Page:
Commentary: Spiritual lessons learned on the Appalachian Trail


I was recently hiking on the Appalachian Trail in north Georgia with some friends. One of my companions was Jack, a 25-year-old young man from Nashville, Tenn. I was told Jack had just checked his compass when he called out to me, “What direction are we going?” It’s an important question while navigating the AT, you don’t want to become disoriented on the trail.

Immediately my internal GPS kicked in and I responded, “North!” We hiked a few yards further when I stopped dead in my tracks. Paused for a few seconds before correcting myself, “Well, actually we are heading south!”

The southern terminus of the AT begins on Springer Mountain, Ga., and winds 2,200 miles north, ending on Mount Katahdin in Maine. Hikers are either “northbound” heading towards Mount Katahdin or “southbound,” heading to Springer. Yet, at any moment because of switchbacks, contours along the ridges, streams, rivers, or for other reasons, one may be heading north when they are southbound or south when they are northbound.

Under those circumstances, one can easily get disoriented. It’s the same way for us spiritually, there are moments when we walk by faith that the path may seem confusing or uncertain. It feels like we are heading in the wrong direction. The Bible says, “Faith is the substance of things hoped for and the evidence of things not seen” (Hebrews 11:1). Indecision is not a decision; one must press forward by faith, using the word of God as our compass.

A second principle for navigating the AT is avoiding distractions. It’s easy to miss the white blazes that mark the trail when paying attention, much more so when distracted. Especially in states that are stingy when it comes to painting blazes!

In 2016, I was hiking on the AT in northern Vermont, this was before we began using map-tracking apps on phones. On this day, a part of the trail was on an old roadbed running through an awesome hardwood forest. There was a quintessential, moss-covered, stacked stone wall that stretched for miles along the right side of the trail. We had hiked for several hours when we came upon something unusual beside the road, an art installation. Someone had stacked rocks, taken a large piece of a mushroom, and arranged them beside some ferns. It was so unusual that we stopped and took some photos before continuing.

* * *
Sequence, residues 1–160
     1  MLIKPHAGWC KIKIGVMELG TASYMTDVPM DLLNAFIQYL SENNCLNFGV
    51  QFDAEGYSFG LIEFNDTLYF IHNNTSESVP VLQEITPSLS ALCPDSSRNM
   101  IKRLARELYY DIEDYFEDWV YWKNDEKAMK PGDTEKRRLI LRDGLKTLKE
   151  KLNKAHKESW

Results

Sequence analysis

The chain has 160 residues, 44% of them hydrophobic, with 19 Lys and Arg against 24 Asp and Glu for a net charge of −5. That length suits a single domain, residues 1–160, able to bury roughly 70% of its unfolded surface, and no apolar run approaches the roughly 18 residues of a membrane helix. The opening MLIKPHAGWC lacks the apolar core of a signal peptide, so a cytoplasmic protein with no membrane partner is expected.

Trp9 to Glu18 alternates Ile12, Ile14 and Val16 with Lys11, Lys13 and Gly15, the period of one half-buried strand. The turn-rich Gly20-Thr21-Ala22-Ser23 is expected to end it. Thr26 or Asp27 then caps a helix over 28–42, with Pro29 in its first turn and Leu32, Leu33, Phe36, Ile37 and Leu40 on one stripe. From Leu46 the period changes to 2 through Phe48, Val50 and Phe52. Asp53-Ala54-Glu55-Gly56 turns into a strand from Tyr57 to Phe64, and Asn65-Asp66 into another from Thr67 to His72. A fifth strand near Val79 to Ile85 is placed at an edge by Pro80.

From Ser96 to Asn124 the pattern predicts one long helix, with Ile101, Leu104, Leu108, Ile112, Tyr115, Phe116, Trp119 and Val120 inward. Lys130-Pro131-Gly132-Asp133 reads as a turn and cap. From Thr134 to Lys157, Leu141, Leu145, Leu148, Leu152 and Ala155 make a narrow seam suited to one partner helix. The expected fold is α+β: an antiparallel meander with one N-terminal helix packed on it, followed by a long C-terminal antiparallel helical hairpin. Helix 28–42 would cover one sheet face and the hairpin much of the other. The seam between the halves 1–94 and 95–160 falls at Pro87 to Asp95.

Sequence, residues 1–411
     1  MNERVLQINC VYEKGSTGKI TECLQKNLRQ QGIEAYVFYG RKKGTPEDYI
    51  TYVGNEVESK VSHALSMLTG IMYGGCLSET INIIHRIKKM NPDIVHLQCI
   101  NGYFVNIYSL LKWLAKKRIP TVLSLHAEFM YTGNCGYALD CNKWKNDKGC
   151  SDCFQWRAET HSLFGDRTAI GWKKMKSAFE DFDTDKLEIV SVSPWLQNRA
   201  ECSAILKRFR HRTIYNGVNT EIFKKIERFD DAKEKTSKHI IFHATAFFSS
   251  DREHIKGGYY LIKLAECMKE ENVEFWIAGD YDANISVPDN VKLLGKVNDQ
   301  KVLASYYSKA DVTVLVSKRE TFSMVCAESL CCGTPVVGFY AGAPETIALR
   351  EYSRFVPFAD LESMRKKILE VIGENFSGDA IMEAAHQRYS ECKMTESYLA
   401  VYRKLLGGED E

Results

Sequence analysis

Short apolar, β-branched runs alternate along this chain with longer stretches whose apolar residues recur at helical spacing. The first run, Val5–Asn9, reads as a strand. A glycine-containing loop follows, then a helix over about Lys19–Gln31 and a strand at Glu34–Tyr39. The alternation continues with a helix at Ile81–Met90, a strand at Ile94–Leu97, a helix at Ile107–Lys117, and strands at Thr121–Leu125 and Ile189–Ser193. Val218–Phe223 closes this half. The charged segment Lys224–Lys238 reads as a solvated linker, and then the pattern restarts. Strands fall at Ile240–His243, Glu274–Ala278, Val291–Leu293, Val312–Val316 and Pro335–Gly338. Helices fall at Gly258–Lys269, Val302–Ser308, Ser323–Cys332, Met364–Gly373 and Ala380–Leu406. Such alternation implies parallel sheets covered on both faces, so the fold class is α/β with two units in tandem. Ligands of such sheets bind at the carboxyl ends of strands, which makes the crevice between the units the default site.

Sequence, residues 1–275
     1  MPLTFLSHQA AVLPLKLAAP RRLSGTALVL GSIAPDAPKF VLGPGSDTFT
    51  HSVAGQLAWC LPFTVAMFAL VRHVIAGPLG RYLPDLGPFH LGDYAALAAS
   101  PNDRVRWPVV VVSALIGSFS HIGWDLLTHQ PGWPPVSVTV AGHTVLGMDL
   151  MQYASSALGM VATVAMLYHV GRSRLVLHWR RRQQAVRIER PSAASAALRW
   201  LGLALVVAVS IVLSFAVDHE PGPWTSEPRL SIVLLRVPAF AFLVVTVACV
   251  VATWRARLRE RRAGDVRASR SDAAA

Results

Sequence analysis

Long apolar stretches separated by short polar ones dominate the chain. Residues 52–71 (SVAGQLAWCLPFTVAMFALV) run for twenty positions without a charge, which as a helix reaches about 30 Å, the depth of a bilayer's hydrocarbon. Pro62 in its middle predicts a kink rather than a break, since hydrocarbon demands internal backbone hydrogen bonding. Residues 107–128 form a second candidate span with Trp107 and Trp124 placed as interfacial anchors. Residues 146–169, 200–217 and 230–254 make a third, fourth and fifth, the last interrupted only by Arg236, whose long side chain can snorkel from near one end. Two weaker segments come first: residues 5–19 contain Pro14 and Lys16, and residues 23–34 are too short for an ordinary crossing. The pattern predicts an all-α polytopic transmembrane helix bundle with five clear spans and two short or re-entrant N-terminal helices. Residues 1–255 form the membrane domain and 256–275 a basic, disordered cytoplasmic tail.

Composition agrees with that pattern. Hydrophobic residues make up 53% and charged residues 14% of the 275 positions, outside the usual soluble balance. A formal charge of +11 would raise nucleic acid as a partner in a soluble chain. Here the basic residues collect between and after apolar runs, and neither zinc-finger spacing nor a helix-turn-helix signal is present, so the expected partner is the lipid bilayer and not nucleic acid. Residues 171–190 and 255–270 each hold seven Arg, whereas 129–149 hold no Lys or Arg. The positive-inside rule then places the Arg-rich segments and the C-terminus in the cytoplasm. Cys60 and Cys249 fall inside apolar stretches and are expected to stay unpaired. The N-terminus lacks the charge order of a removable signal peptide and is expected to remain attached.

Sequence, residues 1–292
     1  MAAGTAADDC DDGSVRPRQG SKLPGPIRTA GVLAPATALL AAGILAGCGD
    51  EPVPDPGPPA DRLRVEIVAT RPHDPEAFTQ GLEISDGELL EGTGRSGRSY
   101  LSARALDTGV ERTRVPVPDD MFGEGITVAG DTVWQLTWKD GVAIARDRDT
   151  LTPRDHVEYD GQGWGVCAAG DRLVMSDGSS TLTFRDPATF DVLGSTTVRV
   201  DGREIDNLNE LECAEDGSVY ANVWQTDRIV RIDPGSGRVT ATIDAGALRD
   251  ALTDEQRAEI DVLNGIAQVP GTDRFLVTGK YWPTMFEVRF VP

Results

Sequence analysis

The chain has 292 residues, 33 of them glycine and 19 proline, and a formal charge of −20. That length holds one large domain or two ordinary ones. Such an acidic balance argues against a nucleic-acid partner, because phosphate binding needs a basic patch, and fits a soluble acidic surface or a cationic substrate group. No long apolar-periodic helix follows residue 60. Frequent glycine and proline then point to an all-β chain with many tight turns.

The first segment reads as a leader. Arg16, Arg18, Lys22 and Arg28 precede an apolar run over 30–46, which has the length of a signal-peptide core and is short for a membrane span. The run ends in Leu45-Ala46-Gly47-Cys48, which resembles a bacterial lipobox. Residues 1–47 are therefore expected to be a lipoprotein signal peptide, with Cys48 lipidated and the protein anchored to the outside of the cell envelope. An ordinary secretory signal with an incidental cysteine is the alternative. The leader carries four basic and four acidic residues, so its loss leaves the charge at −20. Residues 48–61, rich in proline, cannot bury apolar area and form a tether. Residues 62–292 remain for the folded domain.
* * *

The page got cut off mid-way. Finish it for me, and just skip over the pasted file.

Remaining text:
We had gone on about another half mile or better, making good time, when I noticed the blazes were no longer the white AT blaze, they were a blue diamond. Somehow, we had gotten off the trail. We began retracing our steps, they took us back to the art installation, where it turns out, we should have made a 90-degree turn off the roadbed onto a forest trail. To add injury to the insult, when we looked at the photo taken earlier, there was a very visible white AT blaze and a sign in the background we missed!

We were distracted, heading in the wrong direction before we finally found our way. The Christian life is full of distractions. Even good things can distract us from that which is better. Like Jonah, often it is necessary to retrace one’s steps, to discover where we got off the trail and begin heading in the right direction. “Now the word of the Lord came to Jonah a second time, saying, ‘Arise and go to Nineveh the great city and proclaim to it the proclamation I’m going to tell you” (Jonah 3:1-2).

Thirdly, the Christian life, like the AT, has its unexpected delays. If one aspires to be an AT hiker, one needs to expect to get wet, cold, windswept, and hot, sometimes all on the same day! Occasionally, it is the weather that will keep a hiker off the trail. Last summer in Maine, it was the aftermath of weeks of record rainfall. Standing water and mud were our companions even on sunny days. The trail was slick and dangerous, especially when ascending and descending boulders and slabs or while balancing on slippery and partially submerged six-inch-wide beams placed across bogs; the going was often incredibly slow.

There was one section of the trail we hiked over two days that was particularly grinding. We like to average two miles an hour, the first day it took over 14 hours to hike 11 miles to the tent site/shelter for the night. The following morning our hike was delayed while helping to establish communication to secure a rescue crew to carry out an injured experienced hiker who had accidentally stepped off a beam while crossing a bog the previous day. It then took another hard 10 hours of hiking to cover the final eight miles.

Even though it didn’t rain, it had been impossible to keep our feet dry on the soaked trail. I very rarely have a blister but had developed two extremely large ones. We often build in “zero days” for rest, this was the first time I had ever had to take two zero days in a row to recuperate. Just as in our Christian life, there will be delays, but those delays are often preparing us for that to come. “Yet those who wait upon the Lord will renew their strength; they shall mount up with wings as eagles; they shall run, and not be weary; and they shall walk, and not faint” (Isaiah 40:31).

Disorientation, distractions, and delays, whether on the AT or in the Christian life are things all believers need to learn to take in stride.


Charles Jones is a Southern Baptist historian and a retired pastor.